Justin Novak is currently the Assistant Professor of Ceramics at Emily Carr College in VanCouver, Canada. He was an invited artist-in-residence at the International Ceramic Center in Skaelskor, Denmark and at the Watershed Center. Novak has won several awards, among them an Oregon Arts Commission Visual Arts Fellowship and a John Michael Kohler Arts Center residency award. His raku-fired expressive figurative sculpture navigates a fine line the between the tasteful and the grotesque, while subverting the historical genre of the figurine, e.g. with his ‘disfigurine’ series, in which physical wounds such as bruises and lacerations serve as metaphors for injury to self-esteem and other psychological harm.
What advice would you give a young artist pertaining to the dream of being able to just make, but the reality of having a job that pays the bills?
Everyone has the desire to make a living doing something they find to be pleasant and interesting; that is not unique to artists. People that have a true passion, whether they’re amateurs or professionals, whether they’re making an income from it or not–they carve out time for that passion. It’s the litmus test, isn’t it?
I don’t know that I would necessarily recommend this widely, but in the period that followed my undergraduate schooling, and again immediately after grad school, I pared down living expenses to a very spare lifestyle in order to pursue my practice. There was a period of five years after each degree, that I sacrificed a lot. Dining out, partying at stylish places, vacations, travel, clothes shopping– all these things were cut to a bare minimum, or cut out altogether for significant stretches of time. Sometimes I felt discouraged, even depressed, that I was sacrificing so much without much affirmation. It was the only way I could see, though, to build an impressive body of work—and, in retrospect, the decision served me well.
Could you comment on the time after finishing school, and the importance of making?
If the art program serves its function, it begins to develop in the student an internal critique that gains breadth and richness from all the communal discourse. You ought to leave school with momentum– if you don’t, something has gone terribly wrong.
Could you comment on having a vision and what it means to be an artist?
Every vision of mine was executed rather clumsily at the start, and grew stronger through experimentation, diligent critical observation and discipline.
John Cage defined an artist as someone who is simply paying attention.
I agree with that and I would add that exciting art isn’t likely to be born of seeking comfort in one’s work. Most art is in some measure self-indulgent, but one’s process really comes to life when driven by a ravenous curiosity about one’s cultural and sensory environments.
How does one find where their work fits in the world?
That can be as much of a creative act as the making of the work. At the start, I never tried to create work for a certain type of audience or venue. I just made the work, and then tried to get it out there in as many ways as I could think of. I found a gallery quickly, but friends of mine have launched exhibition careers in shops or cafes. Almost any exposure helps: benefit auctions, postcards, and websites. There will be rejections, to be sure, from the venues you most desire–but, ultimately, if it is truly alluring work, it will find its way into the limelight.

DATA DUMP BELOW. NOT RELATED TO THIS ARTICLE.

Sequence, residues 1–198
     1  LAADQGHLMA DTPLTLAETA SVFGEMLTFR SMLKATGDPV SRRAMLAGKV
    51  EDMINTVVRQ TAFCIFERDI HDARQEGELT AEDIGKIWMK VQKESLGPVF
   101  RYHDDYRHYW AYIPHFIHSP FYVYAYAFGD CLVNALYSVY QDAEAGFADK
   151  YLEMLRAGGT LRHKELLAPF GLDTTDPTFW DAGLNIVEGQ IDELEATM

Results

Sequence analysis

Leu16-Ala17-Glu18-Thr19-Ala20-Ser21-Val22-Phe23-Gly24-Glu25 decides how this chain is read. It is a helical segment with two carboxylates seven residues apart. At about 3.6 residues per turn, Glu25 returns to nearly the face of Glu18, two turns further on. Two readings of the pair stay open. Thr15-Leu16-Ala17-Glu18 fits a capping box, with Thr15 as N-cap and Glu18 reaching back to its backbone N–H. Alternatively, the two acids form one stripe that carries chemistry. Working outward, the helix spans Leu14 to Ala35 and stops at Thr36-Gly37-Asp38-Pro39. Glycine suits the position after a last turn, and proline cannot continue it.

How do you respond to interests that may only benefit you monetarily, but are not your primary pursuit?
If commerce and industry are engaged as the vibrant and ever-changing cultural contexts that they are, then one need not worry about “selling out”. Artists, particularly in academia, can be too neurotic about making money. On the other hand, if you’re selling work to people whose tastes you don’t respect, you have a problem.
What have you done to help you get where you are?
Early on, I applied to many juried shows, kept in contact with people who responded to the work, sought exposure at conferences and in magazines, and cultivated dialogue and friendships with other artists I respected.
My principal advice is: find people who are at the same level of development as you. A creative community is more likely to keep you inspired; seek out people that believe in your work, but who will also help you look at it with a critical eye.
Which do you find exerts a stronger influence on your work, success or failure?
I don’t really believe in that dichotomy. In every “successful” attempt, I see a higher potential that was not achieved. And every “failure” has ultimately yielded precious clarity. I avoid judging my work. I just methodically subject it to critical analysis, regardless of whether it is embraced or rejected by others.
What was most difficult for you when you finished school?
The period immediately after school was not a difficult one. Quite the contrary: I flourished. Having internalized the rigorous academic critique, I left feeling intellectually self-sufficient, disciplined, and clear about my priorities–and I was armed with some strong work with which to promote myself. That’s what school ought to leave you with.
A job posting says 2 years teaching experience, but you are right out of school; how do you get that experience, or should you just try for the job anyway?
I would advise young artists to seek out adjunct teaching. These opportunities rarely require much experience. I taught for four years as an adjunct, and then took the full-time job. Full-time teaching is a huge commitment, and I wouldn’t want to have taken it on any sooner. Spend some time experimenting, and building momentum in your exhibition career before you immerse yourself in full-time teaching!